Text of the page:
The funny thing is that it was released uncensored first. The Shareware version was uncensored and got an MA15+ in Feb 1996. Unfortunately the Port Arthur massacre in April got the new right-wing government in hysterics about violent media.
By the time of it's full release in late May, it was apparently unsuitable for MA15+, but rather than making changes to the code, the distributor decided to force the game's in-built parental control mode on. The uncensored game was still on disc, and within days of its release pretty much every Australian was playing the uncensored version. I remember cracking it myself as a 12 year old -- it wasn't as sophisticated as the 'real' crack -- it forced adult mode ON, but the fact was anyone could modify duke3d.exe even without a hex editor -- opening duke3d.exe in WordPad or DOS Edit and changing the first ASCII 0 to a 1 was all it took.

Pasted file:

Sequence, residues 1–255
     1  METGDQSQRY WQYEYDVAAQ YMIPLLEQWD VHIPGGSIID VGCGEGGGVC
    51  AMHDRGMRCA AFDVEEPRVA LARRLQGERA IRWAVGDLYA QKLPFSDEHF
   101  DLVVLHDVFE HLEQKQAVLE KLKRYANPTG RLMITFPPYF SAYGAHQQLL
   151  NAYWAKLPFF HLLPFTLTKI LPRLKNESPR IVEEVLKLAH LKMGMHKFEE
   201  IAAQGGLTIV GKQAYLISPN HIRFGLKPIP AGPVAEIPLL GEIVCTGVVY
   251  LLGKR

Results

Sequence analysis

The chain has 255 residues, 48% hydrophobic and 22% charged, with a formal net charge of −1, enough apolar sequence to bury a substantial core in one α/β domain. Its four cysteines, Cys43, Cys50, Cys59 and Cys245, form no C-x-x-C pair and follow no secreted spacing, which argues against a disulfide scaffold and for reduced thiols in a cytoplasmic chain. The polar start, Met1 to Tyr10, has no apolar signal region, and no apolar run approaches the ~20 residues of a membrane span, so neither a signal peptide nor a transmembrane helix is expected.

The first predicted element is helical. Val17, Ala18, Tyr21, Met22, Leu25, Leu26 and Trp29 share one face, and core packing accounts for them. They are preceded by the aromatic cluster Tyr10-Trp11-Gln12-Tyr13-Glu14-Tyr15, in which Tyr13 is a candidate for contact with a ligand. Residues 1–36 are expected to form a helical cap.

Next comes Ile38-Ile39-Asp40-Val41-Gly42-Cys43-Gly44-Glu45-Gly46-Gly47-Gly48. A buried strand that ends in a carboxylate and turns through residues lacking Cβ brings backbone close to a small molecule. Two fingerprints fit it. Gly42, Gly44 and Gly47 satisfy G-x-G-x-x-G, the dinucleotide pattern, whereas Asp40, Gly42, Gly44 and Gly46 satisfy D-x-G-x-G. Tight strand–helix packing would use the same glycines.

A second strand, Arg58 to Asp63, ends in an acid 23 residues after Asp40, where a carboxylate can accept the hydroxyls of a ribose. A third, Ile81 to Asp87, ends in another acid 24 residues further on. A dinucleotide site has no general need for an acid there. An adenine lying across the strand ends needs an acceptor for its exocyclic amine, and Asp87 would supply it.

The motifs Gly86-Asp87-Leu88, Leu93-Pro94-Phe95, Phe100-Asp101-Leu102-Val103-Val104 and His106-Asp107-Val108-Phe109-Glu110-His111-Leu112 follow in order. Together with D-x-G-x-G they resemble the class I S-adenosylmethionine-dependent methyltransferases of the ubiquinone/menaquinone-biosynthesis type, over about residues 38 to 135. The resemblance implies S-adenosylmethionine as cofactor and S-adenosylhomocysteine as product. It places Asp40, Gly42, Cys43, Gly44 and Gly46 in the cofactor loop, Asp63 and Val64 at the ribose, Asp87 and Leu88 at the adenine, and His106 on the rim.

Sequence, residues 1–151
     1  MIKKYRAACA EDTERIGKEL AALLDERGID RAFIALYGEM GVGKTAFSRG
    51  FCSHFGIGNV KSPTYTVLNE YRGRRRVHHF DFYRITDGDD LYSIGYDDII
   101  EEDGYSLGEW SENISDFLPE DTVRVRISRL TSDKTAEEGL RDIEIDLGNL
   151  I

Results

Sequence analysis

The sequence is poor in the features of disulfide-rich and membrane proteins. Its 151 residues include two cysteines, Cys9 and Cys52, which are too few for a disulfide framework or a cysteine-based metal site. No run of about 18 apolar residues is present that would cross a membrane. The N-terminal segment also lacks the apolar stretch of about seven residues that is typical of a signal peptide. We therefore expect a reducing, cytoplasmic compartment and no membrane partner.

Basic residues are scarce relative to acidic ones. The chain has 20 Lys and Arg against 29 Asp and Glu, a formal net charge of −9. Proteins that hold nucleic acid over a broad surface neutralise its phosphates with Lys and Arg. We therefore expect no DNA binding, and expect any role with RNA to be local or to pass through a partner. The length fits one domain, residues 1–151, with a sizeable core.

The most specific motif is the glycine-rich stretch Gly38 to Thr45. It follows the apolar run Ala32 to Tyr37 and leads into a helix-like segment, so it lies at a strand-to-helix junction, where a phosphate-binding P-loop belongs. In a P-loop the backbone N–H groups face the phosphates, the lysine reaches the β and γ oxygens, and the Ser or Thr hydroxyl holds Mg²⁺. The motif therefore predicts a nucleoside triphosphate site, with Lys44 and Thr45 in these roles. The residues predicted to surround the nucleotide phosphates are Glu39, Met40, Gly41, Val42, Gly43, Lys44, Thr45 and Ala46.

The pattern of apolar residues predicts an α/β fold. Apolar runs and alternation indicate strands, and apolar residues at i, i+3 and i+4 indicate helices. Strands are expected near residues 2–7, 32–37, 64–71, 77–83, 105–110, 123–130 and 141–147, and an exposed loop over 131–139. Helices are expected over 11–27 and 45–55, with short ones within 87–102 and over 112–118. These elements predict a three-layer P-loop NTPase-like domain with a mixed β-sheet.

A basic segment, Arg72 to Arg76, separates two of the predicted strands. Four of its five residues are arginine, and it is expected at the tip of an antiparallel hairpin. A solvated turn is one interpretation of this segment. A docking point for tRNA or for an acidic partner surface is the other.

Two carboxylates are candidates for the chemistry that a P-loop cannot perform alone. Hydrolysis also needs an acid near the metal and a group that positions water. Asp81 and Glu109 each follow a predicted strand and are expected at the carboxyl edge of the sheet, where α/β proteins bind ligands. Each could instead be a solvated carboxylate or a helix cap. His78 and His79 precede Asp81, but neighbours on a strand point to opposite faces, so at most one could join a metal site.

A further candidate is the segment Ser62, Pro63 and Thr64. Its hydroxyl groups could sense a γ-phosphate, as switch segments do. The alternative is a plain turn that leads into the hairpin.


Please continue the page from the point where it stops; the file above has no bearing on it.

Alarmed by the prevalence of the uncracked version (it was common to find it running uncensored in PC Gaming stores -- remember those?), the OFLC tried to recall the game but failed because they had been made aware the uncensored game was still on disc. At this point the distributor also submitted the unedited version.
The OFLC has never been known for their consistency -- but definitely not under the old pre-2003 code. Where an 'interactive movie' on DVD-Video could be given an unrestricted M, but the same title on PC CD-ROM went beyond MA15+ and had to be banned.